Homestead Requirement One Is Manual Labor

Most people would say homestead requirement one is land. After back to the land homesteading most of my life, I know number one is manual labor.

Everything that happens on a homestead requires manual labor. Take my garden as one example.

Every fall into winter the old plants must be pulled and carted off, weeds pulled, paths covered with cardboard, beds mulched and set up for spring. The fall/winter crops must be covered during freezes, uncovered on warmer days.

Raised Garden Bed Planted for fall takes manual labor
Homesteaders usually garden. This lets them try vegetables and varieties not commonly available. I have a raised be I plant for a fall through winter greens. Over the winter a plastic cover is pulled over on cold nights, even covered with old blankets for really cold nights. It must be weeded and watered. This takes work. Any serious gardening takes lots of manual labor.

Seeds are ordered and started in winter. Transplants and seeds are planted in spring. Weeding is a constant activity. Watering is done by hand as there is no hose.

Too much work? Livestock is popular with new homesteaders.

Since I have dairy goats, I am out in the barn twice a day, every day for milking. Chickens require the same twice a day attention. During freezing weather, the twice a day turns into three or four times a day for extra feed and water.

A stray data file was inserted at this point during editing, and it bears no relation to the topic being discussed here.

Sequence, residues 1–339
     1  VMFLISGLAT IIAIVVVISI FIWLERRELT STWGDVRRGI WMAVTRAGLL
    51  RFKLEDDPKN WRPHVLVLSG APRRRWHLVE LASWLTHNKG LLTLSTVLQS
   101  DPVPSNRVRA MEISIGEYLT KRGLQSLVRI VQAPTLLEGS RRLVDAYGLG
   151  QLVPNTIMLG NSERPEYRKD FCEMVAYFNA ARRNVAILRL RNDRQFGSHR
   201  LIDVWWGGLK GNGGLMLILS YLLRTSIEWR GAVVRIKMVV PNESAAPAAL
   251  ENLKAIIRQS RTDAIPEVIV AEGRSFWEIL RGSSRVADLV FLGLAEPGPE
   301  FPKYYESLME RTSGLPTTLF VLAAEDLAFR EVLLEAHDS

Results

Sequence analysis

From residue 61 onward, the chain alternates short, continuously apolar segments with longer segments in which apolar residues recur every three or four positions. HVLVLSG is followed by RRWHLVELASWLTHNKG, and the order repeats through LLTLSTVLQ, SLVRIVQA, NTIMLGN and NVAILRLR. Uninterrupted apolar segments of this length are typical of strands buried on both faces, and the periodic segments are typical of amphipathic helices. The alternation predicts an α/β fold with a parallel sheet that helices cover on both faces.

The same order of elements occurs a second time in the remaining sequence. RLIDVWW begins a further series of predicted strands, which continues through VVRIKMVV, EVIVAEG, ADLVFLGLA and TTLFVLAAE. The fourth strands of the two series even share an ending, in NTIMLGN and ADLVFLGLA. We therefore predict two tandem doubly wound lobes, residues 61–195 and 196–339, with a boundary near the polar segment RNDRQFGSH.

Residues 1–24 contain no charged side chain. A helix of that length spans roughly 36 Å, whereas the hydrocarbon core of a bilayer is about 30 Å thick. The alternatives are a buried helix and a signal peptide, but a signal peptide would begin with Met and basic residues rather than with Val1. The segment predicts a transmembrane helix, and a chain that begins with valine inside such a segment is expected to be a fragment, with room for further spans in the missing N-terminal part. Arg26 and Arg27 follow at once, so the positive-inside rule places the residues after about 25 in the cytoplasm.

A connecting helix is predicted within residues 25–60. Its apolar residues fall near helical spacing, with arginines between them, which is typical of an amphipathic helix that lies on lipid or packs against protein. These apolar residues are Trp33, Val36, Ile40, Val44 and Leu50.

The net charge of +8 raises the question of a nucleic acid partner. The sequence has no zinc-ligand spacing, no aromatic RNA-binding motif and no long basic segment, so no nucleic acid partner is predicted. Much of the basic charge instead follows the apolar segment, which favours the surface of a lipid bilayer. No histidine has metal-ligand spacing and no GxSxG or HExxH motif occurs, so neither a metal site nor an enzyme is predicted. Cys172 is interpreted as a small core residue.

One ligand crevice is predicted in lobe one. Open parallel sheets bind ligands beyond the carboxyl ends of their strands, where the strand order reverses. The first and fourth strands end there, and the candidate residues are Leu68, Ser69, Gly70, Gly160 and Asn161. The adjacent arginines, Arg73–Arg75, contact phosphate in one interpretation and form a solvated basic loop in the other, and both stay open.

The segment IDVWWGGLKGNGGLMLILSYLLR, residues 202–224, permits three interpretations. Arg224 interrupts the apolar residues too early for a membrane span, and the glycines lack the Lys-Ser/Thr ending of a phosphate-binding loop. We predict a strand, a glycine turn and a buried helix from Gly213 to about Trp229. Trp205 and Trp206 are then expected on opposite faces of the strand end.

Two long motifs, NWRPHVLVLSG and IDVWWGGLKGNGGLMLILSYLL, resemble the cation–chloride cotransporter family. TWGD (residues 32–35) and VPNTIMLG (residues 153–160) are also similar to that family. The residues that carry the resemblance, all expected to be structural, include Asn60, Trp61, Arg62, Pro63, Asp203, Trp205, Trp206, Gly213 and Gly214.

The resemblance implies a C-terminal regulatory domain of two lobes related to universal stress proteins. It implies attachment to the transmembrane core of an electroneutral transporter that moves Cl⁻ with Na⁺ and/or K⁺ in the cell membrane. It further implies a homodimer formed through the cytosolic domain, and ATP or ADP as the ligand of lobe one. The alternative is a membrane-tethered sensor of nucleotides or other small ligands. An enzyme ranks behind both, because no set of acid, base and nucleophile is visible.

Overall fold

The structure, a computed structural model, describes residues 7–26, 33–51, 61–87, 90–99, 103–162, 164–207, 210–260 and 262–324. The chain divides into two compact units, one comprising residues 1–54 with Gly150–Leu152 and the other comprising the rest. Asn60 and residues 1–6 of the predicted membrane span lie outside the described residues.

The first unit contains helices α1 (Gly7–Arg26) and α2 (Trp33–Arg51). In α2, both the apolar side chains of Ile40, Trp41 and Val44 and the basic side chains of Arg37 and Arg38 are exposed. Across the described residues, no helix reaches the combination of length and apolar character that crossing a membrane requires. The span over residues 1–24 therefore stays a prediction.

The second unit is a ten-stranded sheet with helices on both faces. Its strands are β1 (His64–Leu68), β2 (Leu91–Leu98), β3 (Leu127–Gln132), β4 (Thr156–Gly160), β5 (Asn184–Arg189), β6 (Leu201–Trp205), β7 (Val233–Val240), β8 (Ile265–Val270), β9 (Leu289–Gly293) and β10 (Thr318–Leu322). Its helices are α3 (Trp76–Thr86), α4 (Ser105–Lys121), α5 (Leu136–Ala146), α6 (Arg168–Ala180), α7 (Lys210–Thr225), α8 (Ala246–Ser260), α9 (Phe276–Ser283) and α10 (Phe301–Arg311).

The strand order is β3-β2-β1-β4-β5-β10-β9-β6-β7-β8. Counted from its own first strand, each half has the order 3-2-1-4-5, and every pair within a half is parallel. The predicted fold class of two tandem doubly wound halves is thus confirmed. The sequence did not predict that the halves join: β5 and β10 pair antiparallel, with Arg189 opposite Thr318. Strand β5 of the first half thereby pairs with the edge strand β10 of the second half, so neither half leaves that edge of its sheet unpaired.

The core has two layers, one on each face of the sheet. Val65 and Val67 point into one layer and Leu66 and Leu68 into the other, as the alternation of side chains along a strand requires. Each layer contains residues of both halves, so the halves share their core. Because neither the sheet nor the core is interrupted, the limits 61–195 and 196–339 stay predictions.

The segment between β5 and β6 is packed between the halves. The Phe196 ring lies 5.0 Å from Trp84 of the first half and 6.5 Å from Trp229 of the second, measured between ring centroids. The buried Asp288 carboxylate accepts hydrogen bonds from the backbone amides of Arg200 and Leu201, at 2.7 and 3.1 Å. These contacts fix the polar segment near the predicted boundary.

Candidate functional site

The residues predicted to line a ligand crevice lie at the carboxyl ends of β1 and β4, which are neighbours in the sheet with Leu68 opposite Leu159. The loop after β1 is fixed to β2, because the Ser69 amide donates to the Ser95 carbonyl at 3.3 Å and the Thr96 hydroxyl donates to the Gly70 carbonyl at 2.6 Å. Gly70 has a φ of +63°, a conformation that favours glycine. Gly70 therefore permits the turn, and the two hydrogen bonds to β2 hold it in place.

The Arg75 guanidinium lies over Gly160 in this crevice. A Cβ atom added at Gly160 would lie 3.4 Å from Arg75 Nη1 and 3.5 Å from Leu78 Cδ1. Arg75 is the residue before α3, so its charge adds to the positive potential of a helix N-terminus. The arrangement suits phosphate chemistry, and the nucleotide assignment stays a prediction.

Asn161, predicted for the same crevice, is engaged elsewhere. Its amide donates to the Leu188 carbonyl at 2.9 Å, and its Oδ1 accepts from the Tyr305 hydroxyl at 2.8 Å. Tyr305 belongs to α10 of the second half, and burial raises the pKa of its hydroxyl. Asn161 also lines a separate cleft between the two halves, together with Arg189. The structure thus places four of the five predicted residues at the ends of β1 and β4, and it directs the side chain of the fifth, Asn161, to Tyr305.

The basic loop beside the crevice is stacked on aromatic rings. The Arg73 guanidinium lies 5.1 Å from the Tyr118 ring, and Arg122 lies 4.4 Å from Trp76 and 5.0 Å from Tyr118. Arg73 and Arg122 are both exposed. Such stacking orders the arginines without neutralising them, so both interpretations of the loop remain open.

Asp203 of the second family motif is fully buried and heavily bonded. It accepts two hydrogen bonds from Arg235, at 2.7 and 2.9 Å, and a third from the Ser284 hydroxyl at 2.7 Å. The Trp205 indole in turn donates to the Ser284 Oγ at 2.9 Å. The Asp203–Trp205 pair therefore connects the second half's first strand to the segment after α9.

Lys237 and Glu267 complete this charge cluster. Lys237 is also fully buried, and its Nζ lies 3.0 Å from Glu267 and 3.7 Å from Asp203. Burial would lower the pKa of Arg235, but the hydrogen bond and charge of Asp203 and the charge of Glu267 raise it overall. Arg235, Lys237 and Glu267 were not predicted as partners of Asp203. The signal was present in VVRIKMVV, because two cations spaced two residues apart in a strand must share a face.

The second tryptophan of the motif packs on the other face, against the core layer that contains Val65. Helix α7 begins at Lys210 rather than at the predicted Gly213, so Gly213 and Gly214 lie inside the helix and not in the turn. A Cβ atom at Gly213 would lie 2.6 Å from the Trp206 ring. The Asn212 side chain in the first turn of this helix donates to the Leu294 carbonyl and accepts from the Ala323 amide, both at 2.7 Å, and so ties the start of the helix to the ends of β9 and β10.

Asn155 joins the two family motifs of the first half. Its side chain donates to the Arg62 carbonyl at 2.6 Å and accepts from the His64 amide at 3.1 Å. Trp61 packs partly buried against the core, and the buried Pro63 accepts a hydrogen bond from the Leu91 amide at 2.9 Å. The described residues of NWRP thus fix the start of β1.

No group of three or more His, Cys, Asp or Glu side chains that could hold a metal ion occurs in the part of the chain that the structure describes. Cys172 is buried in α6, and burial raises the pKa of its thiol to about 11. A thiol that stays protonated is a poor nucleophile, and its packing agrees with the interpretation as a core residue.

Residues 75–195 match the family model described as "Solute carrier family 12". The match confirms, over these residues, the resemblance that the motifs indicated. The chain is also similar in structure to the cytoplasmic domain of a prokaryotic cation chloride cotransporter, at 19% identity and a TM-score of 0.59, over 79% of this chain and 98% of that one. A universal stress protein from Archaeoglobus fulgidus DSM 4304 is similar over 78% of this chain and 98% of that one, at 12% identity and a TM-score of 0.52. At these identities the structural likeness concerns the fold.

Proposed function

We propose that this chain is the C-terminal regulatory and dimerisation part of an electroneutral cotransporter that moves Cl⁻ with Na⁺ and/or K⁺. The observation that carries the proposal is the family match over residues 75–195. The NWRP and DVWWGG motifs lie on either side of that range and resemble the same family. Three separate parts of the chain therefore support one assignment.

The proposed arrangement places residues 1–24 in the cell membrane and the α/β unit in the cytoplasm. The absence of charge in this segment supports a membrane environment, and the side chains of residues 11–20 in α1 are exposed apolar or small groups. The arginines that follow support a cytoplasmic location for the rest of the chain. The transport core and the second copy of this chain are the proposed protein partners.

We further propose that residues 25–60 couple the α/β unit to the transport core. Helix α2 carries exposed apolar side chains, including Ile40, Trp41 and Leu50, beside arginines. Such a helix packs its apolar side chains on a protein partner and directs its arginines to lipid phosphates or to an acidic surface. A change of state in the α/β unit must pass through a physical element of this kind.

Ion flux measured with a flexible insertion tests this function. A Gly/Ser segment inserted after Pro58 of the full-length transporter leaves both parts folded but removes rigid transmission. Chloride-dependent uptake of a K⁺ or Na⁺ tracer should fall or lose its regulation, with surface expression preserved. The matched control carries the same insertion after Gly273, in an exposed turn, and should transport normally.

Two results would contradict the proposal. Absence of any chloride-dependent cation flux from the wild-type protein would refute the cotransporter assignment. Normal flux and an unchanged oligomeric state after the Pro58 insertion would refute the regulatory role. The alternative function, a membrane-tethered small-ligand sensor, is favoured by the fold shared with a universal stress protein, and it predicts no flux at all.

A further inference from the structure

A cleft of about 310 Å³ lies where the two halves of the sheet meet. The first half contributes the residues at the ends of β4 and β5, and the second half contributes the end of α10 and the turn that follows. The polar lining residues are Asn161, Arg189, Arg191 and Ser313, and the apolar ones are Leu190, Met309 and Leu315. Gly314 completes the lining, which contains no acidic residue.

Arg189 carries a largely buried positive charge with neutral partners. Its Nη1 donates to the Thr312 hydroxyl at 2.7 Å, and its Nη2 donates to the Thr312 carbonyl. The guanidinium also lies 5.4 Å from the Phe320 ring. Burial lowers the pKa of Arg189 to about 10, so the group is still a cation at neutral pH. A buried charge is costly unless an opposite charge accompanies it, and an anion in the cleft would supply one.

Add to these items putting up and maintaining fences, brush hogging and/or haying, building clean out and repairs. All of these require manual labor.

Nubian doe High Reaches Drucilla
Meet a favorite homesteading addition, a typical dairy goat, Nubian doe High Reaches Drucilla. She needs milking and feeding twice a day, every day. She needs fresh water. During the winter she requires hay. Her barn needs cleaning out regularly. All of this requires manual labor.

Lots of people are moving out to the country, but most don’t want to be country. They are city people wanting to live in the country as though they still live in the city.

Others think they want to homestead. Most don’t make it more than a year or two. The constant manual labor discourages them.

Why does this matter to me? After nearly thirty years here, we have grown old and can no longer do much of this manual labor.

We are left wondering what will become of the place. Properties near us are now hunting camps or weekend playgrounds. One new neighbor is trying to turn a section of creek into a city park.

This place is home. We’ve put a lot of time and work into the place and would like to have someone who loves it like we do homestead it in the future. But the first consideration is whether or not they realize this requires a lot of manual labor.